Give a wide berth


      • Avoid or avoid contact with someone or something
        To deliberately keep distance or stay away from a person, place, or thing in order to avoid any potential negative consequences or interactions.

      • Show respect or consideration for someone or something
        To give a respectful or considerate amount of space to someone or something, often out of courtesy or politeness.

      • To be generous or forgiving towards someone
        To give someone the benefit of the doubt or to overlook their mistakes or shortcomings.

      • To have a wide range of options or opportunities
        To have a lot of choices or possibilities available, indicating abundance or variety.

    Examples of Give a wide berth

    • The driver honked and swerved to avoid hitting the reckless cyclist. He shouted out the window, "Give that cyclist a wide berth!"

      This example shows the idiom "give a wide berth" in a command form. It means to keep a safe distance from someone or something that is potentially dangerous or inconvenient. In this instance, the cyclist is being deemed a potential danger to other road users, and the driver is warning others to keep their distance from him.

    • Amy gagged at the sight of the rotten food in the fridge. She scowled and scooped up the Spam, grumbling, "I'll give that junk a wide berth from now on."

      This example shows the idiom "give a wide berth" in an internal monologue. It highlights the sense of disgust and discomfort Amy feels towards the food, and how she intends to steer clear of it in the future.

    • Sarah was desperate to find a seat on the crowded train. She spotted an empty space near a smelly homeless man. She wrinkled her nose and walked past him, muttering, "I'd rather stand than give that guy a wide berth."

      This example shows the idiom "give a wide berth" in a negative context. It suggests that Sarah would prefer to deal with a less preferable situation - being on her feet instead of being near the unpleasant man. It implies that while Sarah would rather not deal with the man, she's prepared to avoid him if necessary.

    • The CEO warned the employees, "Whenever the boss is in a bad mood, give him a wide berth. You don't want to be on the receiving end of his wrath."

      This example shows the idiom "give a wide berth" in an instructional setting. It implies that the boss is prone to aggressive or unpredictable behaviour, and suggests that employees should avoid him during his mood swings to stay safe. It encourages distance and caution in the face of potential danger.

    • The construction area had several signs warning pedestrians to give a wide berth due to the heavy machinery and falling debris.

      "Give a wide berth" in this context means to keep a safe distance from the construction area in order to avoid any potential accidents or injuries caused by the ongoing construction work.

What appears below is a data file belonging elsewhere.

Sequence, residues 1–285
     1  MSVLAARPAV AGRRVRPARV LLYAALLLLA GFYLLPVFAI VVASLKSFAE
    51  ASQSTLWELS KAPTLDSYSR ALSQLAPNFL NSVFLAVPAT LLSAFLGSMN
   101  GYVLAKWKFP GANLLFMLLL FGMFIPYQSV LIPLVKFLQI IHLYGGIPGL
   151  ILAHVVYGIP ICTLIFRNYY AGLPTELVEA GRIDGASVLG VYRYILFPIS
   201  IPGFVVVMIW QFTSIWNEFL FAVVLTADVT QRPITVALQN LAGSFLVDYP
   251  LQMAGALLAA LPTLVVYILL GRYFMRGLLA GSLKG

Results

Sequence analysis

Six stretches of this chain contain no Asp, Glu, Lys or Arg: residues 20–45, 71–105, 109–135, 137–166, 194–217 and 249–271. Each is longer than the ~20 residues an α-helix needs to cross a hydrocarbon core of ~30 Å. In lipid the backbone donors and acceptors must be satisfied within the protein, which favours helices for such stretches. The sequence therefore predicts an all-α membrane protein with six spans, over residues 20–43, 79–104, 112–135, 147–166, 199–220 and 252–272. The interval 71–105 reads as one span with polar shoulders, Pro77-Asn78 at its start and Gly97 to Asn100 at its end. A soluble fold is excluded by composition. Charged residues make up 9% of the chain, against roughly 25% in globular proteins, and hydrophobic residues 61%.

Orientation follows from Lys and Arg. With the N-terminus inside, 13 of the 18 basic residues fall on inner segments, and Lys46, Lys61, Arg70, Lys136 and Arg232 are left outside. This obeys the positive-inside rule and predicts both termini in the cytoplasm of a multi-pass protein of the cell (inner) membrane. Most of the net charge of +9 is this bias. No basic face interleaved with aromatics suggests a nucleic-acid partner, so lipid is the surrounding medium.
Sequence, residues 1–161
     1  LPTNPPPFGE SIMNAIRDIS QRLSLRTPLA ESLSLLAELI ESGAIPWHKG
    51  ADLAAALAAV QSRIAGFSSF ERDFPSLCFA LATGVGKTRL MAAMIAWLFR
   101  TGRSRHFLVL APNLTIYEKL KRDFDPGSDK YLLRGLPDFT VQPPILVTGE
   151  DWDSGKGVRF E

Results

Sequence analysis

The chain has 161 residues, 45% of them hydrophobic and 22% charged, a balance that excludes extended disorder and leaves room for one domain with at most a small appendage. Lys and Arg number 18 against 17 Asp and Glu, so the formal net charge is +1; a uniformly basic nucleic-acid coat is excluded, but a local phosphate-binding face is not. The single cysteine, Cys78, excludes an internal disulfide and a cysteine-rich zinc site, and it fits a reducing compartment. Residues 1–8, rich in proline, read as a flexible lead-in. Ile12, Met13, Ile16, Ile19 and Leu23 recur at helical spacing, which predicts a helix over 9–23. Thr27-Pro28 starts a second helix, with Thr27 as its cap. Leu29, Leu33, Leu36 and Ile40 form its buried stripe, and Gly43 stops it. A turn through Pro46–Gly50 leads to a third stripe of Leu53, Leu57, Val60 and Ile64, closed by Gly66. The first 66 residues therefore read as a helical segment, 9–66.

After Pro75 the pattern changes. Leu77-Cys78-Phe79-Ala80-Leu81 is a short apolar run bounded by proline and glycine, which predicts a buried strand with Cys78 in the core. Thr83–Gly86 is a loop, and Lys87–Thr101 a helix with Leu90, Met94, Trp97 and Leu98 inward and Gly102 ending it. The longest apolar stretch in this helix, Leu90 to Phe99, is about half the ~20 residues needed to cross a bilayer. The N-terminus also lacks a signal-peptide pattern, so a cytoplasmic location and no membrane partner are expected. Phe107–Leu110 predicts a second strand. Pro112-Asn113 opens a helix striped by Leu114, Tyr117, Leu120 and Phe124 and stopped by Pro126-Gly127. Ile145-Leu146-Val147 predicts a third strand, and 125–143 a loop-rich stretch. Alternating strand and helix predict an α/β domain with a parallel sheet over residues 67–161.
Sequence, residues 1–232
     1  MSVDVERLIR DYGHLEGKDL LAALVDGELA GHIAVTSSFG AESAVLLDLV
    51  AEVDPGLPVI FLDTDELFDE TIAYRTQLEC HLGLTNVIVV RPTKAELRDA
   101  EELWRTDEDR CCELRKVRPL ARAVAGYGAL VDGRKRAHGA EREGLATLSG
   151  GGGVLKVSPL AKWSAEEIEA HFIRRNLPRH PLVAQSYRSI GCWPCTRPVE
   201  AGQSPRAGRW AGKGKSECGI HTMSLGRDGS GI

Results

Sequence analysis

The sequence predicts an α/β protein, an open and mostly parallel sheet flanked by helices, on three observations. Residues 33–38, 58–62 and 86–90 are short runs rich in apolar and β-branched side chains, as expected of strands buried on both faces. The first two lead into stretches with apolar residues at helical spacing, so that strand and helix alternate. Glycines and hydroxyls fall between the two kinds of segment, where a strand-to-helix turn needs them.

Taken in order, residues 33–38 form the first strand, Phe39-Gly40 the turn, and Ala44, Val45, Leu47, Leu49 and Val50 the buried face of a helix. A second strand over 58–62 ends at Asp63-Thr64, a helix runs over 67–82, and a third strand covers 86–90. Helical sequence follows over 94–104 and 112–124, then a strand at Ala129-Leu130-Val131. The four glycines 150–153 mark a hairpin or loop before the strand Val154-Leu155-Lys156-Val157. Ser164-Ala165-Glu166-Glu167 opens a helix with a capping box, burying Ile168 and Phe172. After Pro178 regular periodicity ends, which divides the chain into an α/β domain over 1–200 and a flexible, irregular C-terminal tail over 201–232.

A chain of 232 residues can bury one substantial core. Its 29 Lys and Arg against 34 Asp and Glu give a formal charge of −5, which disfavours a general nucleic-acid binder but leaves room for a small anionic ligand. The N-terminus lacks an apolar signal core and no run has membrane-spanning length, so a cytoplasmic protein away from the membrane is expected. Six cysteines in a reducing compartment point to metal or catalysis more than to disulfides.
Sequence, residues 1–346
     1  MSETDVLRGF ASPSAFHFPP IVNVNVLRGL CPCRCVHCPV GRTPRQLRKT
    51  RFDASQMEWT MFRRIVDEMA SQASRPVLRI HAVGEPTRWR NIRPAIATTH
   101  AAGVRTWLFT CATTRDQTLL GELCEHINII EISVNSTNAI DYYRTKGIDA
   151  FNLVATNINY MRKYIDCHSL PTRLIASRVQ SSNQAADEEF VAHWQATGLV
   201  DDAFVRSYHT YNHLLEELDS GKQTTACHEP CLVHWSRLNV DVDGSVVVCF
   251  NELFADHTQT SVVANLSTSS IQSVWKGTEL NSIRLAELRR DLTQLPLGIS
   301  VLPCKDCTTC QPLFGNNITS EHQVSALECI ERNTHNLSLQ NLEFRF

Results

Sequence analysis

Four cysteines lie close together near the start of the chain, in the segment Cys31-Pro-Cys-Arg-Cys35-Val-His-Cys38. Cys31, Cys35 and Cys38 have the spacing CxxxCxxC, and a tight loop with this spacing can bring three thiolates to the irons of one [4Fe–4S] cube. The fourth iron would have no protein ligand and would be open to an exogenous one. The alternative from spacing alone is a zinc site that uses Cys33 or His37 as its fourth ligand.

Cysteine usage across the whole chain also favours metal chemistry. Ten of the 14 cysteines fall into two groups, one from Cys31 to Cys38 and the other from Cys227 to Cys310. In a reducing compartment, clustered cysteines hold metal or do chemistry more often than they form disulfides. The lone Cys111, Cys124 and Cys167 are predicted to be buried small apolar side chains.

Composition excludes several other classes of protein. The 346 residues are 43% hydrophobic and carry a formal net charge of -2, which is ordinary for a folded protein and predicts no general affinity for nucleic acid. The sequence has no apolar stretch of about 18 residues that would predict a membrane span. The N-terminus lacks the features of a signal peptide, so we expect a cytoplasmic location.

• After getting into a heated argument with his neighbor, John made sure to give a wide berth to avoid any unwanted confrontations.

      "Give a wide berth" in this example could mean physically avoiding the neighbor or simply giving the neighbor some space and time to cool off after the argument.

    • As a polite gesture, Karen slowed down her car and gave a wide berth to the cyclist who was crossing the road.

      "Give a wide berth" in this instance could mean allowing ample space for the cyclist to safely cross the road without any risk of collision.

    • In the crowded marketplace,shoppers were advised to give a wide berth to avoid being caught in the hustle and bustle of the busy shopping area.

      "Give a wide berth" here could mean creating enough distance between oneself and the crowd to easily navigate through the busy marketplace without any congestion or disturbance.


    The idiom "give a wide berth" is commonly used to convey the idea of avoiding someone or something, whether it be for negative or positive reasons. It can also imply being generous or having many options available. Overall, the idiom suggests keeping a safe distance or showing respect towards someone or something.

    Origin of "Give a wide berth"

    The origin of this idiom dates back to nautical terminology. In the 1700s, "berth" referred to the space on a ship where sailors slept. "Wide berth" meant having enough space to move around freely, which was considered a luxury on ships. Over time, the phrase evolved to also mean keeping a safe distance from other ships or obstacles in the water.

    In the 1800s, the idiom began being used in a figurative sense, to mean avoiding something or someone. It was often used in a negative context, warning others to steer clear of a particular person or situation. As time went on, the idiom also took on a positive connotation, with people using it to express showing respect or giving someone the benefit of the doubt.

    Today, "give a wide berth" is a commonly used idiom in everyday language, with its origins still rooted in its nautical past. It continues to convey the idea of avoiding or showing respect towards someone or something, while also implying a sense of abundance or generosity.